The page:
Get some coral reef action here in our landlocked state, no SCUBA license or airline ticket required. You don’t even need to be a super swimmer, either, since you’re plenty buoyant thanks to a neoprene suit and a tank full of salt water. You’ll be floating in the aquarium exhibit among sea turtles, stingrays, porcupine puffer fish and others from the cast of Finding Nemo. Sharks, too. Sure, they’re bottom feeders uninterested in human flesh, but you still get bragging rights.
Animal Encounters @ the Minnesota Zoo
(some 4 & up, others 8 & up)
Why just look through the glass when you could go around it? This special zoo program gives visitors a chance to experience life on the other side of the enclosure. Choose an experience with one of five different types of animals, then see where they eat, sleep, and hang out when not being gazed at by hundreds of humans. You may even get to help set up a sea otter’s play station, toss a grizzly bear carrot sticks, or discover what a penguin’s slick-looking tuxedo feels like. Finally, right?
What’s For Dinner? @ the International Wolf Center in Ely
You never know if you’ll actually see a wolf when you visit the International Wolf Center, but your chances are best if you attend this regular Saturday evening program. Wolves pace their glass-walled enclosure as you learn about how they hunt and pack dynamics at mealtime—which you can then experience firsthand. (Their dinner is roadkill.) Other programs, including a wolf howl and family overnights, are for kids 6 and up.
Zip Through the Trees @ Trollhaugen Zip Line Adventures & Aerial Adventure Park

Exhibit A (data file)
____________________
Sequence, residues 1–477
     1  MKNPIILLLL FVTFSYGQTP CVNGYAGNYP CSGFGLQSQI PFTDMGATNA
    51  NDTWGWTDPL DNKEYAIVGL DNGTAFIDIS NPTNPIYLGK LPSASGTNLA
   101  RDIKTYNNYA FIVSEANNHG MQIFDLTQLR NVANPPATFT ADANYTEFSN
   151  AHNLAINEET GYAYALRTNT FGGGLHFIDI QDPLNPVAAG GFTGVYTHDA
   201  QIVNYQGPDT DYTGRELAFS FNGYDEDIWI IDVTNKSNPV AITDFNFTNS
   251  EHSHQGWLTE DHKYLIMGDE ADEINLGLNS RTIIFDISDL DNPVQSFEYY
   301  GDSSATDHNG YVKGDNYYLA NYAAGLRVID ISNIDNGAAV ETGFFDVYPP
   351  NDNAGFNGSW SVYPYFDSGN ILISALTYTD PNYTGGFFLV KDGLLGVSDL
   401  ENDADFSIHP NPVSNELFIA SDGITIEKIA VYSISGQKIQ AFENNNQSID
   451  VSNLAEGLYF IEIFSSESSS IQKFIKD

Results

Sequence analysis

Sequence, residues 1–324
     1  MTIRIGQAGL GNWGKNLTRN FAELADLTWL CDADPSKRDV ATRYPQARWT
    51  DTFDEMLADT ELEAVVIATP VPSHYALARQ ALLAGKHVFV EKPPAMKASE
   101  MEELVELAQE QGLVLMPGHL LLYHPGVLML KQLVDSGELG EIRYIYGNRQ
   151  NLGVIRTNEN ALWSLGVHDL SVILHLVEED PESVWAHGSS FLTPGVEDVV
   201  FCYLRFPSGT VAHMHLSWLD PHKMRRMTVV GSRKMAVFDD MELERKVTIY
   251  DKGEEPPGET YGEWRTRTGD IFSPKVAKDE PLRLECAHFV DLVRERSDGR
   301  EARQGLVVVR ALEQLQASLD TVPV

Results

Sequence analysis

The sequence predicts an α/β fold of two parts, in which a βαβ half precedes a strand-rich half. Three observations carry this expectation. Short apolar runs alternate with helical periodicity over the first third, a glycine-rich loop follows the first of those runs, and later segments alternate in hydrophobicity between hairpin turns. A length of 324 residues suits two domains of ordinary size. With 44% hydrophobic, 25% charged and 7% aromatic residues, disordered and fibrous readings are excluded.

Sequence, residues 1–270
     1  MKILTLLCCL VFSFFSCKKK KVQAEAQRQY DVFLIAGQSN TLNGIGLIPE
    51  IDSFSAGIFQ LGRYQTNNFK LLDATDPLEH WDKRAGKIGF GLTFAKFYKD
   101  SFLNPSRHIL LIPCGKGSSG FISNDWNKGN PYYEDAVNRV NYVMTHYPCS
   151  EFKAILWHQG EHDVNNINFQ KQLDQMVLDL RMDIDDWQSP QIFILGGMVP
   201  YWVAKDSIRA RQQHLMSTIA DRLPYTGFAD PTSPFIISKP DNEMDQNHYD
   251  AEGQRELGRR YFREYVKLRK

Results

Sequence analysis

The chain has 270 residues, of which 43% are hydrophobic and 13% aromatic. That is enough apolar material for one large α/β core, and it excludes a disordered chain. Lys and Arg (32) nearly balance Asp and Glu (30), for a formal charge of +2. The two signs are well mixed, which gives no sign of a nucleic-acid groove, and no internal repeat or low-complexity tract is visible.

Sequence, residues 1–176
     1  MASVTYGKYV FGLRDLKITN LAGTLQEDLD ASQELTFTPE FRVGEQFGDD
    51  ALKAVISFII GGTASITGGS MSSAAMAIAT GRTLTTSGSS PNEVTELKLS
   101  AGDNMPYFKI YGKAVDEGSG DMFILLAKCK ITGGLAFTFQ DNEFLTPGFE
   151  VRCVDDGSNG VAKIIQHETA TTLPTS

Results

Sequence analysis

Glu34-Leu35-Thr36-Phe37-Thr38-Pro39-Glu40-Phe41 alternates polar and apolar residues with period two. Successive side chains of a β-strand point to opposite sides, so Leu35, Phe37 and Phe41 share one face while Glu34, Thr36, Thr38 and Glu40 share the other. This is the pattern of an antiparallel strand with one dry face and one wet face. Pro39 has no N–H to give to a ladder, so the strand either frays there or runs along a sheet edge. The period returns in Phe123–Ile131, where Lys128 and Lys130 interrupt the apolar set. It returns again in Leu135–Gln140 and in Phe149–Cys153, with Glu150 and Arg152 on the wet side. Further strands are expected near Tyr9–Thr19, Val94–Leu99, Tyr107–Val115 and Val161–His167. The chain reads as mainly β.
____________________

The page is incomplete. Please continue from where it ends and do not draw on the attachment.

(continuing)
(7 & up at park, 70–270 lbs. on zip lines)
Zip lining acts as a fast tap into your latent superhero dreams. At Trollhaugen ski resort near Dresser, Wisconsin, it’s as simple—or as hard, depending on your personal issues—as hooking your trolley onto the line, then walking until your feet just float. Relax back into your harness. Enjoy the wind and view. By the time you settle in, the line’s auto-brake steals your speed and your toes touch solid ground.
This six-line course is just long, fast, and tall enough to feel like a true adventure, yet short, slow, and low enough to be accessible to most. Perhaps the coolest part is the tandem zip—the fifth and, at 1,000 feet, the longest—which lets the two of you lock eyes, do a “Ready, set, go!,” then speed off into the countryside.
Another Trollhaugen draw: the Aerial Adventure Park. Think of it as a floating, multilevel playground built among the treetops out of rope, wood, rubber tires, and zip lines. The higher up you go, the harder it gets. And truly, it does get hard. Especially if you’re trying to keep up with your monkey of a young’un and aren’t, in fact, still 20.
Word to the wise: If you plan to pair the park with the zip lines, do the park first. Then head next door to hook in, sit back, and enjoy the ride. Slower than a speeding bullet, super nonetheless.
More MN zip lines…
Towering Pines Canopy Tour on the Gunflint Trail
Breeze between 300-year-old white pines on eight zips, just outside the Boundary Waters.
Kerfoot Canopy Tours in Henderson
Soar among—and even above—the Minnesota River Valley’s lush treetops on 14 zips, which run as high as 175 feet.
Vertical Illusions in Wisconsin Dells
A favorite for its super-scenic Chimney Rock Park location, abundance of lines (15!), and the total absence of an age minimum.